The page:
Chapter 1: Introduction 1.1 Background The topic of this research is cloud computing adoption and specifically it explores the factors which have led Small and Medium-sized Enterprises (SME’s) to successfully adopt cloud computing. The ubiquitous use of the internet and advances in Information and Communications Technology (ICT) have become significant factors in the growth of businesses as well as defining new models of doing business. Cloud computing is the latest innovation that affects all businesses and create new business models. In particular, it allows businesses of all size and scale to access similar technologies. SMEs are also the key growth sector in cloud computing with annual growth rates above 20% (European Commission, 2012a). In a recent report on the critical issue of Ireland’s competitiveness, it is clear that SMEs have the potential to be the catalyst for making a significant contribution to national economic recovery (Goodbody, 2011; Enterprise Network Europe, 2010; Microsoft, 2010). Research in the SME sector is also important due the SME’s large share of the market and their importance for employment and GDP and SMEs in Ireland represent 99.5% of all business enterprises (SBA, 2010). Small and Medium Enterprises (SME) in Ireland represent a growth sector, and contribute over €10bn annually to the Exchequer, making an enormous contribution to the Irish economy (Enterprise Network Europe, 2010). Cloud Computing sales by Irish firms are predicted to contribute a further €9.5bn to the Irish economy by 2014 and the overall technology sector is vital to Irish economic recovery (New Morning IP, 2012). Ireland was home to almost a quarter of a million SMEs in 2010, and employing almost a million people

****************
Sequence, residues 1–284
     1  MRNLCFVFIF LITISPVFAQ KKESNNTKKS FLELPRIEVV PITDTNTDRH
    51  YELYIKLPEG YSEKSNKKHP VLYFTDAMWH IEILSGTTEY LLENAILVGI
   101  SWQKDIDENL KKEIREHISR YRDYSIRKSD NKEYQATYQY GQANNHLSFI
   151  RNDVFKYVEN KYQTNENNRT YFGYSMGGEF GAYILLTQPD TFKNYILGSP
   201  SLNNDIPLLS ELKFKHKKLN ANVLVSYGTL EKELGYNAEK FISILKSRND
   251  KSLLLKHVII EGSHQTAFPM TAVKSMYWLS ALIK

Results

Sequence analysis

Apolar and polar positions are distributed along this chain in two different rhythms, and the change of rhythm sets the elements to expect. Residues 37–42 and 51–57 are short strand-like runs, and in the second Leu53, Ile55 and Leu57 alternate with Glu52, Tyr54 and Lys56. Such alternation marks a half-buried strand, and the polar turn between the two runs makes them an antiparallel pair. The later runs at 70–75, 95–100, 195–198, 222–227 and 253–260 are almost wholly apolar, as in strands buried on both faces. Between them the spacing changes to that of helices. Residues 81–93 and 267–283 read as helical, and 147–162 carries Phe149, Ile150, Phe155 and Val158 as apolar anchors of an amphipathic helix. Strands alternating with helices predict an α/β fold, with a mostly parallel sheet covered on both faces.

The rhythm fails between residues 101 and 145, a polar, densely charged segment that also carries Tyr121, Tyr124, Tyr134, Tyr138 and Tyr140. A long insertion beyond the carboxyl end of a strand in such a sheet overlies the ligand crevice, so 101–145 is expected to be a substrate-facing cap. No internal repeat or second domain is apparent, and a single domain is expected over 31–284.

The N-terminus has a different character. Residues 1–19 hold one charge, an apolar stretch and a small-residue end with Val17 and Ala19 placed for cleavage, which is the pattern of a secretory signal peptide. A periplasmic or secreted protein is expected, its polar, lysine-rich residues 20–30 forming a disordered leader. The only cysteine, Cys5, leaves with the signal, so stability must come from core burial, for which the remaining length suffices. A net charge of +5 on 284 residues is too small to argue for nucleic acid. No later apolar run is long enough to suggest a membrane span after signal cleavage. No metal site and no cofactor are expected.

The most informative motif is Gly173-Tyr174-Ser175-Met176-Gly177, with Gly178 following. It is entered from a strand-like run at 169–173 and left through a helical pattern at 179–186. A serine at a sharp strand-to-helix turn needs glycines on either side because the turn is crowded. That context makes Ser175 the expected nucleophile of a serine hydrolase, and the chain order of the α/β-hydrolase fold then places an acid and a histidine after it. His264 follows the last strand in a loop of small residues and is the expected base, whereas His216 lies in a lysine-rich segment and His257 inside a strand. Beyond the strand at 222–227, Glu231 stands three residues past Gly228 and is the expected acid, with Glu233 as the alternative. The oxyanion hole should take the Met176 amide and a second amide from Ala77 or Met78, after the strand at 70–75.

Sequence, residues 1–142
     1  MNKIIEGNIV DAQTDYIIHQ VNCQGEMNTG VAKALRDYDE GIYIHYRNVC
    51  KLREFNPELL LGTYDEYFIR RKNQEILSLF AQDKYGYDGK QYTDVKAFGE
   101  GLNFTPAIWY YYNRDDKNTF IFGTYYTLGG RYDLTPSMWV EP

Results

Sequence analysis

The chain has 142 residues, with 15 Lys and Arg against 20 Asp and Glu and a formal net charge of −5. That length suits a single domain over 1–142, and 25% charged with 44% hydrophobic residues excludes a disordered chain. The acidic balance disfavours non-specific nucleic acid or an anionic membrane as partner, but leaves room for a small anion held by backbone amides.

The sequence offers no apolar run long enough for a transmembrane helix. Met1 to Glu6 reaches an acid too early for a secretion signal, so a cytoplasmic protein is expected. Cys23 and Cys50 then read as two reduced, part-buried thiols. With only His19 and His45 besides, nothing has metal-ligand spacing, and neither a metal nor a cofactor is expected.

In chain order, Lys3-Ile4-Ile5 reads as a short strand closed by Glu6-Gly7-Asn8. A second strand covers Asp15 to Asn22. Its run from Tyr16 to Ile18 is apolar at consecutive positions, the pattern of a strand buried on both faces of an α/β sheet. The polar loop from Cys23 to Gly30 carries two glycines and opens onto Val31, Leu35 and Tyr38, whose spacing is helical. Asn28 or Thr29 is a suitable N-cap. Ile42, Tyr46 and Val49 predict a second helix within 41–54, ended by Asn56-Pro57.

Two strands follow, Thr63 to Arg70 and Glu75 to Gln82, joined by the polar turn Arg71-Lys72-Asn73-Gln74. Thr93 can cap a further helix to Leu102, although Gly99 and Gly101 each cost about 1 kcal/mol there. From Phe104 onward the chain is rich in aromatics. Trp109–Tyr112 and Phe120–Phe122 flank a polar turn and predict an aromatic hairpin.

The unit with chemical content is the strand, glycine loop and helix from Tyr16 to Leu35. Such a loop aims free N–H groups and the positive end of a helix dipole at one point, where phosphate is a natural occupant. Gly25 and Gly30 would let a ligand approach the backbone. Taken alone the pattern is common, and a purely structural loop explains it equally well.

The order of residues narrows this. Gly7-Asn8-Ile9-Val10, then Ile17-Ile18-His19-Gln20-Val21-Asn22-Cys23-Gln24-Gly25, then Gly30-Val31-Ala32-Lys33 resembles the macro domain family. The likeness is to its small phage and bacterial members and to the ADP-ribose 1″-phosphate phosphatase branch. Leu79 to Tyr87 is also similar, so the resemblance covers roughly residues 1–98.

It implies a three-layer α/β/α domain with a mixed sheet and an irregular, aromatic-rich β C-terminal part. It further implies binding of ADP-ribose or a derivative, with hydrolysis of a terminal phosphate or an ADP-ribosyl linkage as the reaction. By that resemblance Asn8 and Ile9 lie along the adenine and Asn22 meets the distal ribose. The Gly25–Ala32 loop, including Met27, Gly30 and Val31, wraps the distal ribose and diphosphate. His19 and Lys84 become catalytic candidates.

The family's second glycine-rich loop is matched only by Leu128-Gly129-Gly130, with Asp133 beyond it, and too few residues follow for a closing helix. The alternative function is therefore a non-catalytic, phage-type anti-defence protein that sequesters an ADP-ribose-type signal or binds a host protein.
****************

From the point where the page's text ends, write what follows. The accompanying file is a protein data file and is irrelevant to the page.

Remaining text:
(Enterprise Europe Network, 2010). In terms of economic value added to Ireland, SMEs contribute a disproportionate amount of value (56%) relative to their size (SBA, 2010). The Irish government has undertaken a number of steps to foster SME growth, with 15 different initiatives (ISME, 2012). In terms of access to finance, these initiatives include responses at the fiscal – tax incentives – level, as well as equity, non-equity investment funding, and bank-based credit schemes. These schemes are overseen by cross-agency government groups, with the main inward investment focus being handled by the Irish Development Agency (IDA) and the small business and export-oriented supports coming mainly from Enterprise Ireland. In addition, on 9 January 2013, the National Pensions Reserve Fund announced a series of new funding measures for the SME sector, with a sum of €850 million being made available to provide equity, credit and restructuring and recovery investment for Irish small and medium-sized businesses and mid-sized corporations. At EU level, the EU Small Business Act 2008 brought in a wide range of pro-enterprise measures designed to make life easier for small firms through the ‘Small Business Act’ for Europe (European Commission, 2008). This act, once transposed to into local legislation set out medium term SME policies aligning with the “Europe 2020” strategic direction (European Commission, 2012b). The overall theme of these initiatives includes promoting the uptake and effective use of Information and Communications Technologies by SMEs. These measures are intended to stimulate competitiveness in the market and SMEs are best placed to take advantage, being more agile than larger enterprises. The introduction of new technologies represents both risks and opportunities for businesses. Cloud Computing is at the point of becoming a mainstream way to deliver information technology but has polarised the opinion of Information Technology Decision Makers (Chorafas, 2011). On one side, innovative organisations and industry are promoting the